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    never unless your a hard hat diver ............
     
  6. Storker

    Storker ScubaBoard Supporter ScubaBoard Supporter

    # of Dives: 100 - 199
    Location: close to a Hell which occasionally freezes over
    17,022
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    I have more of a problem imagining how I'm going to be able to doff my DS underwater. Let's see, based on how I take off my DS on dry land, I can imagine the following procedure:

    Uncouple suit hose - no prob. Doff BCD - no prob. Open weight belt, drop weights - Oooops, surface, here I come! Even in the buff, I'm noticeably buoyant without weights, at least down to ~5m (I haven't skin dived deeper than that while wearing just my swim trunks for decades). Doff suit - Problem. Let's take this stepwise: Take off mask, OK. Open warmneck, kinda tricky wearing thick gloves. OK, take off gloves, now my hands are freakin' FREEZING, and I'm rapidly losing all control of my fingers. Take off hood, well, sorta OK if I can manage to get my fingers working. Remove light, backup computer and compass from hands and forearms, where am I gonna put the stuff? Oh well, the light cost only about half a thou €€€. Open suit zipper, BIG problem. I've got a backzip. Besides, I can't feel my fingers anymore. Pull head through neck seal, I'm gonna freakin' DROWN before I've got my head through. Three times. Now, there's only the wriggling and dancing left to get the suit off the rest of me. Oh well, it doesn't matter, I've taken the express to the surface ten minutes ago...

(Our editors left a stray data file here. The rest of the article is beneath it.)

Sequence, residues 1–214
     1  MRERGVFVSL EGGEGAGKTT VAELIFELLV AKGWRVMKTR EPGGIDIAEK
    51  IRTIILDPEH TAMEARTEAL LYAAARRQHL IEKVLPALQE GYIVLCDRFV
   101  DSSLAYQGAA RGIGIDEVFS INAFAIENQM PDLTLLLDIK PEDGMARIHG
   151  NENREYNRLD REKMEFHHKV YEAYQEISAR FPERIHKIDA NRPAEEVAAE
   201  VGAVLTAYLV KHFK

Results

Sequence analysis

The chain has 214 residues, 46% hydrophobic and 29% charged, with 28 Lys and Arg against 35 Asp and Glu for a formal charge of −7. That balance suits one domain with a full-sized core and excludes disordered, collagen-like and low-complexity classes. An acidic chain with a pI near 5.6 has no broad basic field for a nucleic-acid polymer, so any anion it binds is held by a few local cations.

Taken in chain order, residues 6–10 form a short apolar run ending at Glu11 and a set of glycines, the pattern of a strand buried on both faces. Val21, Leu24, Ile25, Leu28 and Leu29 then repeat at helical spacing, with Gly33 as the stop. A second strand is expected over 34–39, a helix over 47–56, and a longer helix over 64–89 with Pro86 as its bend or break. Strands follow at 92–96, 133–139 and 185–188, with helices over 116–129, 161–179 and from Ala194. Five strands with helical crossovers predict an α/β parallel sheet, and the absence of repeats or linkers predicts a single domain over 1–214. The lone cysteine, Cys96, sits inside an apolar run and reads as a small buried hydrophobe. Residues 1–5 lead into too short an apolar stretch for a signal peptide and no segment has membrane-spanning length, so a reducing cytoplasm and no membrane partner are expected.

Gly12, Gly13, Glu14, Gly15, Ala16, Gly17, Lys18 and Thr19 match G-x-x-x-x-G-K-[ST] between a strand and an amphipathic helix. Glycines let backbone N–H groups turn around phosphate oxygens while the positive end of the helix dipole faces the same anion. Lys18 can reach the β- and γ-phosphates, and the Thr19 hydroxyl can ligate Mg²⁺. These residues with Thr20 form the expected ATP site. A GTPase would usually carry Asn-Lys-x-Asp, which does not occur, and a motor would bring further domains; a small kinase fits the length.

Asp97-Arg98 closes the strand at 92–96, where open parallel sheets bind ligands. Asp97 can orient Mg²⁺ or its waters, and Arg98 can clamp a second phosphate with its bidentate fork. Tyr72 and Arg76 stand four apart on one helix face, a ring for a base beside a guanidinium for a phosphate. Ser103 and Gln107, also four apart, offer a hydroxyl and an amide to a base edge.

If you've got a better procedure for doffing a DS underwater, I'd be interested in hearing it :wink:
     
  7. nimoh

    nimoh Public Safety Diver

    # of Dives: 500 - 999
    Location: Rochester, MN
    3,455
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    even then, a better option would be to dump gas and go deeper :)
     
  8. rhwestfall

    rhwestfall Woof! ScubaBoard Sponsor

    # of Dives: 200 - 499
    Location: "La Grande Ile"
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    trauma scissors, z-knife, etc. :D

    In all seriousness, if it became life or death to get up a ladder or what ever else exit due to a flooded suit, yes, there would be a slice in each leg to get the water out as i got above the surface. Repair/replace vs. drowned is a better option.
     
    TSandM, ajtoady and fjpatrum like this.
  9. doctormike

    doctormike Medical Moderator Staff Member

    # of Dives: 1,000 - 2,499
    Location: New York City
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    trilobite.jpg
     
    g1138 and rhwestfall like this.
  10. Storker

    Storker ScubaBoard Supporter ScubaBoard Supporter

    # of Dives: 100 - 199
    Location: close to a Hell which occasionally freezes over
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    :D

    Maybe a mite expensive just for a drill?
     
    wetb4igetinthewater and ajtoady like this.